Will MDS Nordion pay for this service?
--- On Thu, 4/15/10, Marc Garland <email@example.com> wrote:
From: Marc Garland <firstname.lastname@example.org>
Subject: Re: [MbrExchange] Long overdue summit tackles nuclear issues
To: "Member Exchange" <email@example.com>
Date: Thursday, April 15, 2010, 12:53 PM
The US just agreed to take HEU used for Mo-99 production back from Canada. Canada is apparently paying $65M for its disposition, a job that could take hundreds of millions, but at least we've finally got that rogue state under control.
----- Original Message -----
From: "Gene Cramer" <firstname.lastname@example.org>
Sent: Thursday, April 15, 2010 1:25:10 AM GMT -05:00 US/Canada Eastern
Subject: [MbrExchange] Long overdue summit tackles nuclear issues
Nowadays it takes a summit to solve a problem??? enc
Long overdue summit tackles nuclear issueshttp://swarthmorephoenix.com/2010/04/15/opinions/long-overdue-summit-tackles-nuclear-issues
I April 15, 2010
the independent campus newspaper of Swarthmore college since 1881The past two weeks have been a hopeful time for those who worry about the continued existence of nuclear weapons and their proliferation. Since the end of the Second World War, a number of states have built up nuclear arsenals and the United States and Russia literally built thousands of nuclear weapons each. Despite the Cold War ending two decades ago, nuclear weapons remain a global problem. We are happy to see, however, that President Obama has used his leadership to begin to tackle three of the most difficult problems nuclear weapons still pose.
Most dangerous to international security is the determination of what have been named �rogue� states such as Iran and North Korea to acquire the capability to produce and deploy nuclear weapons. While North Korea is known to have tested nuclear weapons in the
past few years, the Iranian leadership maintains that it wants to use nuclear technology for peaceful purposes. The United States and to a lesser extent the international community as a whole are worried, rightly, that Iran might acquire a nuclear weapon, or worse, the capability of deploying it. If this were to be the case, regional stability in the Middle East, already extremely fragile, would almost certainly be upset as Israel would be faced with the uncomfortable question of intervening in Iran.
Until now, efforts to restrain Iran�s nuclear ambitions have been unsuccessful despite strict United Nations-endorsed sanctions on trading with the country. The Obama administration has been looking to further tighten sanctions to pressure Iran into abandoning its nuclear program. Until now, this has been difficult as support in the United Nations Security Council has not been unanimous, with China often threatening to veto any resolution unless it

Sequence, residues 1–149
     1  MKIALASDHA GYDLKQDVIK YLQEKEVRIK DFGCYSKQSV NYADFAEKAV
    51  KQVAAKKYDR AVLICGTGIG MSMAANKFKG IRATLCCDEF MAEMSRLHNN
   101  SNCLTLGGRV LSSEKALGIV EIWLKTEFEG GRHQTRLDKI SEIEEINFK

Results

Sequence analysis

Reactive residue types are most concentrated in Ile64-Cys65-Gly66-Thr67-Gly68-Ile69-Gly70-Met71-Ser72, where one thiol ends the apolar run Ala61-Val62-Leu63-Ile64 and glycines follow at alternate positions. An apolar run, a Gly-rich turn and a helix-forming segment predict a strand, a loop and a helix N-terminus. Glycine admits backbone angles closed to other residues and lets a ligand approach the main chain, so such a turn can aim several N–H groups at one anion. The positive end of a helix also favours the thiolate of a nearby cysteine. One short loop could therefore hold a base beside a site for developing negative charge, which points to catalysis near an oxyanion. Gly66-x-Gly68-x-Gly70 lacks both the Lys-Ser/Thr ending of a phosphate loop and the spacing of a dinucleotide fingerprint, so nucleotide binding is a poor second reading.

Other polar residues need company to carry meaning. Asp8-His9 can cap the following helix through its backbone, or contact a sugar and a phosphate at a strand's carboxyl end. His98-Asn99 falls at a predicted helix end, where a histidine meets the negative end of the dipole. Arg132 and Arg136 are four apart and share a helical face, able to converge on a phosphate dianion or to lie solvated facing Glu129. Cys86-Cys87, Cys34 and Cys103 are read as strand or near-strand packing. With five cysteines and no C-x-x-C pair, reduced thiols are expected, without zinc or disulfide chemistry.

was watered down. President Obama reportedly secured a promise from President Hu Jintao of China that the latter would join negotiations.
A second problem, which is becoming increasingly urgent, is the lack of a universal monitoring system for the whereabouts of nuclear weapons. While countries such as the United States and the United Kingdom face no problems protecting their arsenals, concerns have been raised by the U.S. administration of the accountability and security especially of the Pakistani stockpile as well as those of countries that were formerly part of the Soviet Union. In Pakistan, the worry is that a terrorist organization might obtain a nuclear weapon, which would have dramatic consequences for world stability.
After the fall of the Soviet Union, Ukraine was left with enough nuclear material to create an estimated seven warheads, according to The New York Times. The United States signed a deal with Ukraine to remove
the material from the country in exchange for U.S. assistance in providing Ukraine with materials for nuclear power reactors. Deals such as these make us hopeful that further nuclear proliferation can be curbed through international agreements.
On Monday and Tuesday this week, world leaders gathered in Washington, D.C. and agreed that by 2014, all nuclear weapons must be safely stored and accounted for. Such agreements had earlier proved elusive as some countries see them as infringing on their sovereignty. This is an understandable concern, but the threat posed by further proliferation of nuclear weapons is too great to be left unchecked.
The last problem is less imminent than the others, but shows the extent to which nuclear warfare is still a possibility. Both the United States and Russia have sharply cut the numbers of weapons they own and the numbers ready for instantaneous deployment by thousands of warheads. Despite this,
each country still retains enough nuclear weapons to annihilate the other or, for that matter, most of the world.
The summit in Washington this week received a strong initial push when in the week before the summit, the United States and Russia signed a bilateral agreement agreeing to significantly reduce their stockpiles of nuclear weapons. While this agreement has correctly been criticized for not changing the capabilities of either nation, we believe that it contributed to a closer relationship between the United States and Russia, which is necessary after the unproductive relationship under President Bush. While this is only a small step, The Phoenix believes that it can be the start of what a writer in the magazine Foreign Affairs recently called �the road to zero.�
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